For beginners, this is a great, it allows them to stay engaged in the learning process by working towards a goal. In this case, the goal is being able to play the song. Most players continue this style of learning even when they become intermediate and advanced level players because the process worked so well when they were beginners.
Learning how to play songs is effective in getting beginner level students to the intermediate level. For intermediate level students learning songs can be beneficial, but if the students continues to only work on the physical aspect of the song, they will quickly begin to plateau. To get from an intermediate level player to become an advanced level player, the skills you have to focus on are different. As a beginner you can barely play the instrument. So the majority of your time should be focused on developing the coordination to play. When you become in intermediate level player, you don't need to focus as much on the physical aspect of playing. This will allow you to start developing other important musical skills.
When you learn a song as an intermediate level player, you need to:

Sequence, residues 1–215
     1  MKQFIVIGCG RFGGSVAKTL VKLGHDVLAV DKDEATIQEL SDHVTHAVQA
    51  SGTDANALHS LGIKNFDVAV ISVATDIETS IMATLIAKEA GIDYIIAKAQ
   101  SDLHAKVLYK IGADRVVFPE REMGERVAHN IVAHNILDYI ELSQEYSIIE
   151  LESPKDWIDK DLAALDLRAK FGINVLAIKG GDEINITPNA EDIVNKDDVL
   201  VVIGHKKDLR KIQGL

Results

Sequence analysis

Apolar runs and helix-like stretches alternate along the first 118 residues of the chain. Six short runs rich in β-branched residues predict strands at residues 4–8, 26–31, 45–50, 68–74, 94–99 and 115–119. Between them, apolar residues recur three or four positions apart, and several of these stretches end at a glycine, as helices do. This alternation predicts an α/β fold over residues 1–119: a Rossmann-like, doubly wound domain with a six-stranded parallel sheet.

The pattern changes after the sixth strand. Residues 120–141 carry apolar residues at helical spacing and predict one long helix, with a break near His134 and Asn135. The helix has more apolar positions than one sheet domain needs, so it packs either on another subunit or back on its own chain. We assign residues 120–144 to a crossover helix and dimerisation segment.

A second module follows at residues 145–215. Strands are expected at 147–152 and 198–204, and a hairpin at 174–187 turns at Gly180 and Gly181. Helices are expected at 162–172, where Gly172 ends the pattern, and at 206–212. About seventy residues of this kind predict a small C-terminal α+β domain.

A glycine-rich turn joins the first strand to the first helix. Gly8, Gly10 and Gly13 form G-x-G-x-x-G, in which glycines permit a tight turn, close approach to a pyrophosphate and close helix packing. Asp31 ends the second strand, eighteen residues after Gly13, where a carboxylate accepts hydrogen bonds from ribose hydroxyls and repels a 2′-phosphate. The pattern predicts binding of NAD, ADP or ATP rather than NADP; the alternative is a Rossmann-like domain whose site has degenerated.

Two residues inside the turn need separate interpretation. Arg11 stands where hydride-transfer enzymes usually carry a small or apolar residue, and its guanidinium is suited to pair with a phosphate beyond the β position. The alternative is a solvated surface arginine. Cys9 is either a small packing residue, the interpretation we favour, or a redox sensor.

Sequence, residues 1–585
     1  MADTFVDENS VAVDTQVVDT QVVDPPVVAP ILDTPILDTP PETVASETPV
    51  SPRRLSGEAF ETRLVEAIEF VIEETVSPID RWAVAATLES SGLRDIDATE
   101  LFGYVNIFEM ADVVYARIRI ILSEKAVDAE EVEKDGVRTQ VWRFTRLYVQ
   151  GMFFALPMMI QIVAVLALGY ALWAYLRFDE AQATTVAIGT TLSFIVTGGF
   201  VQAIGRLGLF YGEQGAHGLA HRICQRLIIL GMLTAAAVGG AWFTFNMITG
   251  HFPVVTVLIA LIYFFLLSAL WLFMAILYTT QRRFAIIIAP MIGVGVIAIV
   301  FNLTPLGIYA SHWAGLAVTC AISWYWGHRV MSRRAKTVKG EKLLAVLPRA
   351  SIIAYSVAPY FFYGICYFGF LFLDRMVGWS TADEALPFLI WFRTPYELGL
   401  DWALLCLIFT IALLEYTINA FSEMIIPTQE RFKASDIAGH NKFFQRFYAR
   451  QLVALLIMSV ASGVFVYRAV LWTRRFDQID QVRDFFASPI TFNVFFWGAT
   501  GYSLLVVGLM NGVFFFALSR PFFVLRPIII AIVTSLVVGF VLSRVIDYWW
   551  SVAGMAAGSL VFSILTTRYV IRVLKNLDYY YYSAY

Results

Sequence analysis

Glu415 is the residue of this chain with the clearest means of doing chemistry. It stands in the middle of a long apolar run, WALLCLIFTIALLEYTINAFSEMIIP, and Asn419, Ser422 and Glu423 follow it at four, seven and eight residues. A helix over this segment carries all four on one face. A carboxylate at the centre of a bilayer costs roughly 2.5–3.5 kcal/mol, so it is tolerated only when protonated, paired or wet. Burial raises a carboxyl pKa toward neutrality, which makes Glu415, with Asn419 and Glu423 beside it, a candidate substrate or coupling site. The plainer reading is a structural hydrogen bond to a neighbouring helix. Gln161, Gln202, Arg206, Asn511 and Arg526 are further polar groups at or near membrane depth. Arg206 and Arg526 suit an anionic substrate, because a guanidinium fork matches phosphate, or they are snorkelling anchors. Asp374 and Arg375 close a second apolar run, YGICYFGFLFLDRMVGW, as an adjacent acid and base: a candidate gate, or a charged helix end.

1) Transcribe the song by ear
2) Practice the physical aspect of playing the song
3) Analyze the song
Transcribing a song by ear:The first part of the process is transcribing a song. These days so many people go straight to YouTube or tab sites to learn songs. By doing this, they are only hurting themselves. It's better to spend time transcribing the songs yourself. The act of transcribing a song is connecting your mind to the fret board. Many people would insist that using tabs is fine. It cuts down on the guess work and then their mind can already connect the patterns to the fret board. This is an assumption and if you carefully noticed how someone uses tabs, it doesn't help their ear.ю When someone goes to play tablature, they sit in front of the tablature sheets. They look at where they need to put their fingers. Then they look over at the fret board and place their hands where they need to be. Then play the chord or note. There is no listening going on here. Their just moving their fingers.
The act of transcribing song by ear means that you're going to listen to the music. You're going to play what you think it is and correct it if you're wrong. You're listening to the song, not viewing it as a finger pattern. This is what's going to develop your ears, not YouTube and not tab sites.
Before I move on, I want to bring up one more point. Even though I list how to learn a song in a specific order, you don't need to work on each separate process first before you move on to the next one. In fact, it's better for you to practice all these areas at the same time. This way you will optimize your growth.
What I just wrote might confuse you, so I'll offer some suggestions I find beneficial.
You will have to transcribe a song in order to practice the actual physical aspect of a song. However, there is no reason you can't analyze the song structure or other aspects of the song while picking it out by ear.